Binance to Delist Bitcoin SV as Craig Wright Battle Heats Up
Major digital asset exchange Binance announced today it would delist Bitcoin SV (BSV) from April 22nd, 2019. Although its official statement gave no specific reason for the delisting, recent comments from CEO and co-founder Changpeng Zhao (“CZ”) suggest the action is in retaliation to a series of lawsuits by nChain chief scientist Dr. Craig Wright against prominent members of the cryptocurrency community. Binance’s move has prompted other major companies, including Blockchain, Kraken and ShapeShift, to consider similar action.
Also read: Cue the Ominous Music – Begun, the Crypto Court War Has
BSV Price Plunges After Announcement
Following the announcement, the BSV price dropped by over 12 percent, erasing its gains since the start of April 2019. Most top digital assets have fallen in the past 24 hours, but most had been in the 1-3 percent range. Conversely the Bitcoin Cash (BCH) price rose by over 9 percent over the same period.
Bitcoin SV would become the highest market cap digital asset to be removed from Binance’s listings since the exchange first launched in mid-2017. Following its announcement, other cryptocurrency wallets/exchanges including Blockchain and ShapeShift also announced they would no longer support BSV. Gemini’s Tyler Winklevoss tweeted that his company had never supported the asset.
The moves, whether coordinated or not, are unprecedented event in cryptocurrency history, given that the Bitcoin SV project has not engaged in any illegal activity and there don’t appear to be any technical problems with its protocol.
Binance’s official statement read only that it periodically reviews each asset based on a number of criteria, and delists any that fail to meet its standards:
It will cease all trading on BSV pairs from next week, and has requested BSV holders trade or withdraw their assets by July 22nd, 2019. It has not stated what it will do with any BSV the exchange itself holds.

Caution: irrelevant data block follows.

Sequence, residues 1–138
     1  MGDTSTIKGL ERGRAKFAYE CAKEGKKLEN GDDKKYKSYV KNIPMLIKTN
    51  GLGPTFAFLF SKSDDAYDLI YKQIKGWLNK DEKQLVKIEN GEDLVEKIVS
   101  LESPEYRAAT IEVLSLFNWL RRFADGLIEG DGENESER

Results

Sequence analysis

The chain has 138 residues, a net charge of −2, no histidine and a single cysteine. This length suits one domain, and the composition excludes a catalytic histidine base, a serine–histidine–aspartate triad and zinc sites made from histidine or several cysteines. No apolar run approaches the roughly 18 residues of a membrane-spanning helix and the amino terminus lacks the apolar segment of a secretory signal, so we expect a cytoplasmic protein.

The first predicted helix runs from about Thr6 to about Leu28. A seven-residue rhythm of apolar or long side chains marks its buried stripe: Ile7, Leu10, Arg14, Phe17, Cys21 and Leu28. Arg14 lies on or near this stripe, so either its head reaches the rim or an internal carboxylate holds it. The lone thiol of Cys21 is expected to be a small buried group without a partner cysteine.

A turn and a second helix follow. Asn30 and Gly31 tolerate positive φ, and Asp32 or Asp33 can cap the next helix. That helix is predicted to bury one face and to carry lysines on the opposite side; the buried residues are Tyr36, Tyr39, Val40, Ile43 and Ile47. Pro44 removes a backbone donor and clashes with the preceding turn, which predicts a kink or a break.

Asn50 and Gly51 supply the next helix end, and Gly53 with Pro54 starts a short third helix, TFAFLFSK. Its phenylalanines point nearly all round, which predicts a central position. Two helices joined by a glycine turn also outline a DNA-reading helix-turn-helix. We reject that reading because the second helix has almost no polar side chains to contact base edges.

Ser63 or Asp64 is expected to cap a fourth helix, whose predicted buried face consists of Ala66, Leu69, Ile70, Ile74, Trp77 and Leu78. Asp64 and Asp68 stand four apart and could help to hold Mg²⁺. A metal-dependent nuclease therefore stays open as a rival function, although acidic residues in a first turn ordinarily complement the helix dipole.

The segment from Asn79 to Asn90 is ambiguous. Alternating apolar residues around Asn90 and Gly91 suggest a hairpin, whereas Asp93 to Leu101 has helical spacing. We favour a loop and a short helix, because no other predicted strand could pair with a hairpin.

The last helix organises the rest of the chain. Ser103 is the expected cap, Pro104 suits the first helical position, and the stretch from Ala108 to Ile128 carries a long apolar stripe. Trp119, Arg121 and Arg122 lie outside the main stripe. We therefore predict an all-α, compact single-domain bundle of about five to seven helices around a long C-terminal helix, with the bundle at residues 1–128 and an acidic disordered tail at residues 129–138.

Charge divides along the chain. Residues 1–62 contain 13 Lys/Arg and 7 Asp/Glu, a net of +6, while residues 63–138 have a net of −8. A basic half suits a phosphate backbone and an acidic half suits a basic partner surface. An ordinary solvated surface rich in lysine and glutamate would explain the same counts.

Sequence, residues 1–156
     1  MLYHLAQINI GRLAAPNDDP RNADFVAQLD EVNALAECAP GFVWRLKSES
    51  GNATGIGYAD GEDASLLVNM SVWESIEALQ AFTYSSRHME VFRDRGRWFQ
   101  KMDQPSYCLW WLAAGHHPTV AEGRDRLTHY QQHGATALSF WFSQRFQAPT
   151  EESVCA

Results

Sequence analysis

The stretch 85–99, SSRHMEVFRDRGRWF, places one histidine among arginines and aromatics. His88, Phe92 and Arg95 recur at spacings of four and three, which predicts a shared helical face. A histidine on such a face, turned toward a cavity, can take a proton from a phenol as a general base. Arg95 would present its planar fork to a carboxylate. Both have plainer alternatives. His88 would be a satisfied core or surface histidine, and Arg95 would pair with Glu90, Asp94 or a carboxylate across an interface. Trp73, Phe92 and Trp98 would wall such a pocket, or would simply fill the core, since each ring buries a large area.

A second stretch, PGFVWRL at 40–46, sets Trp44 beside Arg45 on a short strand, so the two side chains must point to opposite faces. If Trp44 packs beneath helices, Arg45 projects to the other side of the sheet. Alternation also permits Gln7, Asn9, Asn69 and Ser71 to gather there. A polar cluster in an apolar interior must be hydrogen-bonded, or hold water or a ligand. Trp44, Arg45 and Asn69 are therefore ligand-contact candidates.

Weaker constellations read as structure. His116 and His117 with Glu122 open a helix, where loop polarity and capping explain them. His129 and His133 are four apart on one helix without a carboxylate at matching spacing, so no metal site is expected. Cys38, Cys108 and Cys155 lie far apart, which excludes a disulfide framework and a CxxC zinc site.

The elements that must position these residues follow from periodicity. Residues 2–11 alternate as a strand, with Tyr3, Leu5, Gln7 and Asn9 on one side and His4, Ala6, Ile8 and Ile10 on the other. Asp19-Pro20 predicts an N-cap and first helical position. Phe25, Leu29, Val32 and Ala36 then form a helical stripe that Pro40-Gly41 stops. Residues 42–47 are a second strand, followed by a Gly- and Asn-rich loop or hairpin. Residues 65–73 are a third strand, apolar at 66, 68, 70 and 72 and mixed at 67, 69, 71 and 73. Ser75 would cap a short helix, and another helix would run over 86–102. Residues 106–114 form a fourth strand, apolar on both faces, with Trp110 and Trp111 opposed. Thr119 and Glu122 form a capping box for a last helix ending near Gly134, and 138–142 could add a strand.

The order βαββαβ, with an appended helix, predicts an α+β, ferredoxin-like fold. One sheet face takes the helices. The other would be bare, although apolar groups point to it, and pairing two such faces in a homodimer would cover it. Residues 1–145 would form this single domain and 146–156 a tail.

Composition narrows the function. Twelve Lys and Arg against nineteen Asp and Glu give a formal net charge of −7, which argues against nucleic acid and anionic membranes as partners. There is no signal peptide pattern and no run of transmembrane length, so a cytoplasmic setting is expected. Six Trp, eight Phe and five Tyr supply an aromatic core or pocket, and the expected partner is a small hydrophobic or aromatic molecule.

Another major exchange, Kraken, also asked on Twitter on April 16th if it should delist BSV, adding the hashtag “#delistbsv”. At press time, its poll had received 74 percent yes votes, with 7 percent against.
The news comes just days after Binance CEO Zhao had threatened to delist BSV in a series of tweets criticizing Wright and calling him a “fraud”. Wright had previously threatened to sue anyone accusing him of fraudulent activity, and over the past week his legal team has been sending letters to various members of the cryptocurrency community requesting apologies and redress for such actions.
Binance CEO Angry at Wright Legal Threats
At issue is Wright’s claim to be Bitcoin creator Satoshi Nakamoto, a position that has earned him both support from some sectors of the community, but also widespread derision from others. Wright has claimed to be Satoshi Nakamoto, or “part of the team that created Bitcoin” since being outed in a series of media articles at the end of 2016.
The formal legal threats outraged Zhao, who repeated the fraud allegations and promised to delist BSV if they continued. “Anymore of this sh!t, we delist!”, his first tweet read.
The most prominent legal threats have been against podcaster Peter McCormack and the pseudonymous Twitter user @Hodlonaut. The latter gained support after deleting his Twitter account, prompting supporters to change their names and avatars to resemble the original.
Bitcoin investor and major Bitcoin SV backer Calvin Ayre (along with several other BSV supporters) has retaliated against Binance since Zhao’s initial threat, making similar claims about the way the exchange operates.
Satoshi’s Identity a Key Issue in BSV’s Fight
Wright’s claim to be Satoshi Nakamoto has been neither proven nor disproven in a way that satisfies the public, and opinion remains divided based on the balance of probabilities. The issue, which has raged since 2016, has escalated on numerous occasions and become more heated since Wright initially backed the 2017 Bitcoin hard fork that created BCH, and the 2018 fork that split BSV away from BCH.
Wright opponents have challenged him to “prove” he is Satoshi by signing transactions or moving coins from Bitcoin’s genesis block, or some other early wallet. Wright has said coins from that first mined block of 50 coins in January 2009 were deliberately made unspendable for a reason, and function as an “anchor” to the Bitcoin network.
Proving beyond a doubt that he is Satoshi would grant Wright significant credibility, but would also likely be problematic. Within 24 hours of his initial media “outing” in 2015, Wright’s offices were raided by Australian authorities. He subsequently relocated to London.
Whether Satoshi’s identity can be proven with code or not, it may soon be up to a court to decide one way or the other. Most (but not all) of those who received legal threats doubled down on their accusations afterward, which will likely trigger further action.
Will other exchanges follow suit and delist BSV? What impact will these actions have for BSV in the longer term? Let’s hear your thoughts.
Images via Pixabay
Source: Read Full Article